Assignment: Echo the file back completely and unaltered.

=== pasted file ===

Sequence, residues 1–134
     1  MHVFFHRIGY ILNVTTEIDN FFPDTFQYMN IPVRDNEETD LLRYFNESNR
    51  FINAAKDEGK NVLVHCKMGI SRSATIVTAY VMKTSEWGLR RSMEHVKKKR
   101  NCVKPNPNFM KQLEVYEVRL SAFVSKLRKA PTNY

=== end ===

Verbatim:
Sequence, residues 1–134
     1  MHVFFHRIGY ILNVTTEIDN FFPDTFQYMN IPVRDNEETD LLRYFNESNR
    51  FINAAKDEGK NVLVHCKMGI SRSATIVTAY VMKTSEWGLR RSMEHVKKKR
   101  NCVKPNPNFM KQLEVYEVRL SAFVSKLRKA PTNY